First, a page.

Police are Fighting Back by Tracking Street Gangs and Violence

Police are Fighting Back by Tracking Street Gangs and Violence

Cops and police forces are collaborating together to fight against gang crimes and their myriad factions. The murders and shootings in the Chicago land area have been growing and the one way that police have joined forces are by building a Facebook-like database that tracks the social connections of Chicago's dozens of street gangs and their connections. The goal was not to draw gang members together, but to keep them apart.

It's the gang mentality on how they retaliate against each other all the time, basically an eye for an eye type of tactic. They go back and forth like a ping pong ball. You shoot me, I shoot you.

For example, there was 16-year-old Jason Briggs, who was shot in the head during a drive-by attack while he sat on the front porch with his sister.

In the first half of the year, 259 people were murdered in the city which was a 38% increase over the last year. In comparison, NYC, a city with more than 3 times the population of Chicago, had 194 homicides in the same period... a 17% drop over the last year.

The South and West sides of Chicago have a clear pattern that 90% of the violence is related to gangs and shootings. To break the cycle and manner of the gang violence, many Chicago police officers spent much time over the winter going over photographs and arrest records to build a census of the city's estimated 100,000 gang members, the territory they fight over and their relationships to one another.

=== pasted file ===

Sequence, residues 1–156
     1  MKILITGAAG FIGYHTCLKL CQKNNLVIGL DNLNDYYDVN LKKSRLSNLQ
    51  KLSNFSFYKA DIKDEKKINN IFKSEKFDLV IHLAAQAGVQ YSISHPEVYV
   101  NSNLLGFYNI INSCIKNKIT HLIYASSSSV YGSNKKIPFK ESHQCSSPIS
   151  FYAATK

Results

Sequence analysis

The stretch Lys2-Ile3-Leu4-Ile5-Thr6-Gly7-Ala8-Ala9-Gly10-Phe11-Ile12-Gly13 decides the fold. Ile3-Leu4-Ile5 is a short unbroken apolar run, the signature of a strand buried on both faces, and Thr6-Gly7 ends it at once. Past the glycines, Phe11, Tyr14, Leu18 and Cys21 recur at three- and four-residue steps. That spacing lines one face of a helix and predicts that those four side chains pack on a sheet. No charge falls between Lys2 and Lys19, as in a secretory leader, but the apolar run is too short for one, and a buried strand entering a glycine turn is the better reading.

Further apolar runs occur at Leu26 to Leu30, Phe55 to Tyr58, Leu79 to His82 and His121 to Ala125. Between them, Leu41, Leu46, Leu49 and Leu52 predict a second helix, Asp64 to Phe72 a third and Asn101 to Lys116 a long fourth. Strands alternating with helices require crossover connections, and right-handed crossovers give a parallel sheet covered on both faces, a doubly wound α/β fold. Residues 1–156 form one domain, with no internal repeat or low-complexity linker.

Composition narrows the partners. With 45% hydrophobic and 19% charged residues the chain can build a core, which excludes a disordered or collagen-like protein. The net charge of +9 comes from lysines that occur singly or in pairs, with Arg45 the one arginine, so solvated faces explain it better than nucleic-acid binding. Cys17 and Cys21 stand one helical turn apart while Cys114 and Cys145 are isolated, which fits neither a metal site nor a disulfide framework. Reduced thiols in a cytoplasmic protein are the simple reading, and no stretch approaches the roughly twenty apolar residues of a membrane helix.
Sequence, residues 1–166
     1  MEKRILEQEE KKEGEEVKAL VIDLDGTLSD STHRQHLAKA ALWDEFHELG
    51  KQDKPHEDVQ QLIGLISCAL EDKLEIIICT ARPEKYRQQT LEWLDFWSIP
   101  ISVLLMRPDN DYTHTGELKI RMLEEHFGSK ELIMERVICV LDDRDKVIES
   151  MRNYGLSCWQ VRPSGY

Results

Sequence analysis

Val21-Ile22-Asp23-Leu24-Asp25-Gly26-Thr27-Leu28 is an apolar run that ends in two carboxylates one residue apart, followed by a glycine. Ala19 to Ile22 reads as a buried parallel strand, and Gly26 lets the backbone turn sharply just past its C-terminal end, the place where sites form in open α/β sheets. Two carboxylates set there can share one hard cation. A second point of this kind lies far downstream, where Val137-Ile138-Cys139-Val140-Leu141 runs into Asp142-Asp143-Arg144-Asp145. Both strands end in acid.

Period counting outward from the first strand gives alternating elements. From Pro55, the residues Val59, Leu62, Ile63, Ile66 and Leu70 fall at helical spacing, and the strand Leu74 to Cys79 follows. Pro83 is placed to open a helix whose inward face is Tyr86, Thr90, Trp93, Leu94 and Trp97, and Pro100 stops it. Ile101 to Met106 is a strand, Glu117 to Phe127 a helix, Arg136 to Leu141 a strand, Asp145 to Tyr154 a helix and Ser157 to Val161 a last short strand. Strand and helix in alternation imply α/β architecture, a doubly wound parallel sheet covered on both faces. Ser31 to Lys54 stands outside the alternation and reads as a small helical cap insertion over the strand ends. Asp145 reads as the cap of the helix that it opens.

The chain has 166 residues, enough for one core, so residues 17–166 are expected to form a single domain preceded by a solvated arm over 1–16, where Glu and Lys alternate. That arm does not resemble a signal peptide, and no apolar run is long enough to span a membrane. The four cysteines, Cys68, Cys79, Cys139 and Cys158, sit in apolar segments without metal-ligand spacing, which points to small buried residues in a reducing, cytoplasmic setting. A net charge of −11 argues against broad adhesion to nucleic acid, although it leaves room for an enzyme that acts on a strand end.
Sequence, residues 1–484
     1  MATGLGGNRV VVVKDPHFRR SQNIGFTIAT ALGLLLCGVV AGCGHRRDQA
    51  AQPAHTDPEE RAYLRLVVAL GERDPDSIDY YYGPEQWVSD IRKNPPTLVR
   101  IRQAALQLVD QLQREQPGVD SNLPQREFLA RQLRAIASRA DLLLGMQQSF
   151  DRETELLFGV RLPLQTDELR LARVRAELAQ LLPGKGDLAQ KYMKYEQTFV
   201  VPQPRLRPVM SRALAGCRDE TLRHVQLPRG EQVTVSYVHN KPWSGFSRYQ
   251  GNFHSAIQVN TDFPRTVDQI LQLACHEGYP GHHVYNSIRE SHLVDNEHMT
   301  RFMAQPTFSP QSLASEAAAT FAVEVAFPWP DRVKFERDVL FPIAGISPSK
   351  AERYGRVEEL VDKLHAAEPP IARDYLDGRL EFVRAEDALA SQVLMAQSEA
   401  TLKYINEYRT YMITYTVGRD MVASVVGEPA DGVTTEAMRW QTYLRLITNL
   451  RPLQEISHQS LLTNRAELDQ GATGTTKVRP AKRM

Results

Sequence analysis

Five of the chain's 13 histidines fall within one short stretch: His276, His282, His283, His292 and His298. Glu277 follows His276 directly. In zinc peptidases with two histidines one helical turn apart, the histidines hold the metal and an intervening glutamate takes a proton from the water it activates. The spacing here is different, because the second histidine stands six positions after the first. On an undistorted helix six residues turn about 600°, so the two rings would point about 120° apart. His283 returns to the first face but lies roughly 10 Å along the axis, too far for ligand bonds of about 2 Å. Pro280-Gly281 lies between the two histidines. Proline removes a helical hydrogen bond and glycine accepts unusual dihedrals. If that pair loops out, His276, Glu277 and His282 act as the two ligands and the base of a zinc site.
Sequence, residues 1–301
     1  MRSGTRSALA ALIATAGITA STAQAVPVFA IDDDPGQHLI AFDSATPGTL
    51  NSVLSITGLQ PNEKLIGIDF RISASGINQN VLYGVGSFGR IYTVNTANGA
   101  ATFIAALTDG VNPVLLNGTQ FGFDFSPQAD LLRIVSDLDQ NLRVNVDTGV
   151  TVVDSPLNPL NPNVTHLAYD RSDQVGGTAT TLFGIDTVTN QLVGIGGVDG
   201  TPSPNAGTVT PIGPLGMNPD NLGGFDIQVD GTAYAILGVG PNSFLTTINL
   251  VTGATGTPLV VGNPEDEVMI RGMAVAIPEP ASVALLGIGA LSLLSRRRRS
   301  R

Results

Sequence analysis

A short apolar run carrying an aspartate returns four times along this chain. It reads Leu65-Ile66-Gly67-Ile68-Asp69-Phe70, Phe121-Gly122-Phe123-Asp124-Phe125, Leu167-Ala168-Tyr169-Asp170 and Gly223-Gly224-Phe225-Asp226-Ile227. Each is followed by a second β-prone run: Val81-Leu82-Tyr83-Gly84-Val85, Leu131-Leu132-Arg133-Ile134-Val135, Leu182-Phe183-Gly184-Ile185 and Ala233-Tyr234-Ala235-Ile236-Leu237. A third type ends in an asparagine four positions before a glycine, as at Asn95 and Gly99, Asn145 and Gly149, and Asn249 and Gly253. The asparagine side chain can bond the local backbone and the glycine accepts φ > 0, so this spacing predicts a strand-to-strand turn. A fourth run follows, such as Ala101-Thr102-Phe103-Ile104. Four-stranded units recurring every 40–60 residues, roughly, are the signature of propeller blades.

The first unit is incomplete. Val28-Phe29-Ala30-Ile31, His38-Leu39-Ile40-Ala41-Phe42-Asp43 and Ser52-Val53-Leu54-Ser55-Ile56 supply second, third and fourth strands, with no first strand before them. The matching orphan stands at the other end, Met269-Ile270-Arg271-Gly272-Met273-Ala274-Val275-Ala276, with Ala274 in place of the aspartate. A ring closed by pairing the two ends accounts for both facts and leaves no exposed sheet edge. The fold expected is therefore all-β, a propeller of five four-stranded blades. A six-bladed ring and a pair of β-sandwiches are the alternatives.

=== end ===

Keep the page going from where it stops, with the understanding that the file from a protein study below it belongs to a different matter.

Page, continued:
This Facebook like mapping for the gang members allows a real gang mapping philosophy allowing the police to dispatch officers to certain neighborhoods where a retaliation shooting was expected to occur. This month, the city's 3,000 patrol cars will get direct access to the system. Despite rising body counts, the mayor has so far stood behind his strategy and rolled out a number of initiatives to help fight the violence.

Just another strategy, Chicago was scheduled to demolish a dozen vacant buildings that are known for being gang hangouts. The dismantling of the city's housing projects such as Cabrini Green and the Robert Taylor Homes also exported gang member and gang violence. Hopefully, the new tactics and concentration on the problems associated with gang violence will help the numbers decrease. The city's police force is doing everything in their power to make that happen.


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